II. Vapor cell spectroscopy and blue/UV diode lasers
polarimeter optics and thallium vapor cell furnace
We also produce samples of our heavy metal, Group IIIA atoms using heated quartz vapor cells. Several experiments have been completed in thallium using diode laser systems. First, an infrared diode laser system at 1283 nm was used to measure the ratio of E2 to M1 quantum mechanical transition amplitudes in the 6P1/2 – 6P3/2 ‘forbidden’ transition using transmission as well as Faraday rotation spectroscopy. We also used the same frequency-doubled diode laser system at 378 nm to measure hyperfine structure and isotope shift within the 6P1/2 – 7S1/2 E1 transition in thallium.
In the foreground of this photo, one can see a typical quartz vapor cell. Long empty quartz tubes extend from the cell face well outside of the oven body to eliminate the noise produced by convection currents of hot air near the oven entrance and exit apertures.
GaN diode lasers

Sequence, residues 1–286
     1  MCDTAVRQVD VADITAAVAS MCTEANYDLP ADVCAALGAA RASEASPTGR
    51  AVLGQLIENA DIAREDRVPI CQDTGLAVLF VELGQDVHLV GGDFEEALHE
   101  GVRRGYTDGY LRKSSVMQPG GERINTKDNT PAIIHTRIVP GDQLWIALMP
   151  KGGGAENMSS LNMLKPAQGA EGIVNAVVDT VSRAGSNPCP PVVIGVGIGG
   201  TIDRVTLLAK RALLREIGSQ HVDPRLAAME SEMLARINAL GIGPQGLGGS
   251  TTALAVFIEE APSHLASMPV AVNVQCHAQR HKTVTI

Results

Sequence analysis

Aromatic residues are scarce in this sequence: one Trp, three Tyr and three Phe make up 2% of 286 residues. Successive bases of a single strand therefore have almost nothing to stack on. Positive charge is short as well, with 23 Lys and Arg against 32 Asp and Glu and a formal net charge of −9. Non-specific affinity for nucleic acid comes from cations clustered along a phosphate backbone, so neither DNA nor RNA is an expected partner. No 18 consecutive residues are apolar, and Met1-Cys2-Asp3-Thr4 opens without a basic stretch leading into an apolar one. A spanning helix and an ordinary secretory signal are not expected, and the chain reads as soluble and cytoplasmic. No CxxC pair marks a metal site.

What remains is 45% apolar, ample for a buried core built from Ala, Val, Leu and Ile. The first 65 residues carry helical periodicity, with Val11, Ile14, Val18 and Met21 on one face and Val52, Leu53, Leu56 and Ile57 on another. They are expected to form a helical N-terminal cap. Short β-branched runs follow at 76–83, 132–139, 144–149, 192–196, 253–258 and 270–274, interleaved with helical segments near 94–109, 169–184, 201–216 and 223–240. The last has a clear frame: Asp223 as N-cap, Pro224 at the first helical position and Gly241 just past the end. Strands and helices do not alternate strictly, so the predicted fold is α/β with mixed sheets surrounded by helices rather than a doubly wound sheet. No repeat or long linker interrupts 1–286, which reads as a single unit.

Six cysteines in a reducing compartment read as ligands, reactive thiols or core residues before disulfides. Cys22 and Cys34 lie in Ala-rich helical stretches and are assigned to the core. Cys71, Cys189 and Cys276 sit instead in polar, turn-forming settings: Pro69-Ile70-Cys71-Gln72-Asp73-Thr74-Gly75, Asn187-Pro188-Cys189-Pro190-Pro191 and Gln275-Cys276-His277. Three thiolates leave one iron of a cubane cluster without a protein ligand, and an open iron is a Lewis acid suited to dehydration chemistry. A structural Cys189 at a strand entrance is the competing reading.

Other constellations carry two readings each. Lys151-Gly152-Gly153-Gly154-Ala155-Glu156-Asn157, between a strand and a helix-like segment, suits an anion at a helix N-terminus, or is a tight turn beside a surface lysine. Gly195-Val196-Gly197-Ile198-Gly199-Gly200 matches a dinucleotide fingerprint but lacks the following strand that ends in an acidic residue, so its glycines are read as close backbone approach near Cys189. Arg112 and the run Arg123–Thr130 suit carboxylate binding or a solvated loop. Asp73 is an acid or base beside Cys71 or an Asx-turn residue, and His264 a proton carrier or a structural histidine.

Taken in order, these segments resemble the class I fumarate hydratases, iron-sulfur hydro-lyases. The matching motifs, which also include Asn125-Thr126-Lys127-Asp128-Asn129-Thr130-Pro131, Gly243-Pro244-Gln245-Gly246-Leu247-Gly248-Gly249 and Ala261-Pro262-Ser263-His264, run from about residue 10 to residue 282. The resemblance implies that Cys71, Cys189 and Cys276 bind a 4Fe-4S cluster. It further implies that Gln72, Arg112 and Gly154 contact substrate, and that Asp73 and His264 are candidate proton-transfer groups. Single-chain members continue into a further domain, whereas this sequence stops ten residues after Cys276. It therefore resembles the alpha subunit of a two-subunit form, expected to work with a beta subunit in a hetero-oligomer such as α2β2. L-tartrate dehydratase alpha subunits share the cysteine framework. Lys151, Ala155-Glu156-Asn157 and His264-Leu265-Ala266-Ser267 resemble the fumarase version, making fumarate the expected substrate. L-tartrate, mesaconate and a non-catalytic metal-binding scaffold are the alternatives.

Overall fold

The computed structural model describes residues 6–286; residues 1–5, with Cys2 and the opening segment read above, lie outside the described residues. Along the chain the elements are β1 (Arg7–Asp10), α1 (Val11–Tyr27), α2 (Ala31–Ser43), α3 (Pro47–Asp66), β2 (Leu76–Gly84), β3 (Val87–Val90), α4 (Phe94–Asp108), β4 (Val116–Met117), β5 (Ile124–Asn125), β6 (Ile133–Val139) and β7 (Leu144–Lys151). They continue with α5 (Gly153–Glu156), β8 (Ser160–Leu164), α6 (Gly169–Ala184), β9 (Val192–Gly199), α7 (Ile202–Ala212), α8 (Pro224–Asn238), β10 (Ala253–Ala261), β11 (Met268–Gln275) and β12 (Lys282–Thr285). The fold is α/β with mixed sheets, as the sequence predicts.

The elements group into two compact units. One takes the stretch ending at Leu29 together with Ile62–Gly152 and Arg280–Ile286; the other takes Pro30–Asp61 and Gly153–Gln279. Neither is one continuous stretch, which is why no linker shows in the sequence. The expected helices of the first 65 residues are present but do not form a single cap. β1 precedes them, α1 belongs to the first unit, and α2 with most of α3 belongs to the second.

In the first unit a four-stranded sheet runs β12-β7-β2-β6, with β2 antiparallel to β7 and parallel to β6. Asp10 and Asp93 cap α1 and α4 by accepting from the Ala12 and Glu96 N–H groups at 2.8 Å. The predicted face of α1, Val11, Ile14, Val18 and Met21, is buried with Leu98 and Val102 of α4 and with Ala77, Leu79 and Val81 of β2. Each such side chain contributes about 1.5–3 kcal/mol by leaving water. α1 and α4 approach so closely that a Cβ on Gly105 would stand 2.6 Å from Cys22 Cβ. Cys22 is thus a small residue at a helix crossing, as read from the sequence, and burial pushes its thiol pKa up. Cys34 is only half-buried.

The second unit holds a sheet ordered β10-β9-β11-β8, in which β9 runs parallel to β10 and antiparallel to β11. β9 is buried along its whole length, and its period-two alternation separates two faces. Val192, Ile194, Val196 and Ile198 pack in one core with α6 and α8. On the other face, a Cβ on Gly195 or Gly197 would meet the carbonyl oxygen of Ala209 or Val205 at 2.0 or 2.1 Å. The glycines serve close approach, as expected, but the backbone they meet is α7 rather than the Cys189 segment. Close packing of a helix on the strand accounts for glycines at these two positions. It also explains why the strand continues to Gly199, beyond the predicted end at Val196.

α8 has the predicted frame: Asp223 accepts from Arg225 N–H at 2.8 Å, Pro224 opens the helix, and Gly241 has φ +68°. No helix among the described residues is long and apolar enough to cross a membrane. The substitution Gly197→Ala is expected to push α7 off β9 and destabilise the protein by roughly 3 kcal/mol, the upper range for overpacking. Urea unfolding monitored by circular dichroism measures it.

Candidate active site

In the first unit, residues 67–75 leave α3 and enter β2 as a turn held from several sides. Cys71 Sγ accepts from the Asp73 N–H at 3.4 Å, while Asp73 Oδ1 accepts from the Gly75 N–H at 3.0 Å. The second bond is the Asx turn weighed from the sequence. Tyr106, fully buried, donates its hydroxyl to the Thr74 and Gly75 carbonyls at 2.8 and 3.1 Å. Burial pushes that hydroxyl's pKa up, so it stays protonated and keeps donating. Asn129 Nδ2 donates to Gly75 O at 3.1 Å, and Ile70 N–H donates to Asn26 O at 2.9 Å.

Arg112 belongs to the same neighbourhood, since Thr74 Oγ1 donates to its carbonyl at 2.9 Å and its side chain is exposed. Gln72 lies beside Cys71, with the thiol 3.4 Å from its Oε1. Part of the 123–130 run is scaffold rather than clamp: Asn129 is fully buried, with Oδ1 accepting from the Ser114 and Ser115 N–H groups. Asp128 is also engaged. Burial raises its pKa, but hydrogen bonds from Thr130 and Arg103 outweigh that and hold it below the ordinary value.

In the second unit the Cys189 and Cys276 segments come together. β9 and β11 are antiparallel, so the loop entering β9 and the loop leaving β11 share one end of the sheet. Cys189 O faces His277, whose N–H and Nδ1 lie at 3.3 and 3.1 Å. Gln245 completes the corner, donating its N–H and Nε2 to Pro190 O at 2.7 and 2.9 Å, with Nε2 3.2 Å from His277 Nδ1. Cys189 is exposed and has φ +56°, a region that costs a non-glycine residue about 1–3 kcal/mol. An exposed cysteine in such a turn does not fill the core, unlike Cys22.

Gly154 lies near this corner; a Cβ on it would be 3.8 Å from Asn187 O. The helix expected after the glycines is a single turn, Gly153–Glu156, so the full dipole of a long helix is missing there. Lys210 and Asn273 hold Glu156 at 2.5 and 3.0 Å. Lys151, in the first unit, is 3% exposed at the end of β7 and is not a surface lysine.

Recently, with the advent of GaN blue/UV diode lasers, we have pursued spectroscopy of indium, where a diode laser system at 410 nm drives the ground-state 5P1/2-6S1/2 transition. We also have a GaN system operating at 378 nm, producing light for our thallium experiments WITHOUT the need for frequency-doubling! Below you can see the blue/violet beam path, as well as the red glow from the small indium furnace, heated to about 800 degrees C for sufficient vapor pressure.
Toptica DL100 system @410 nm.
We also have in our laboratory a GaN-based external cavity laser system (Sacher Lasertechnik) operating at 378 nm for thallium spectroscopy.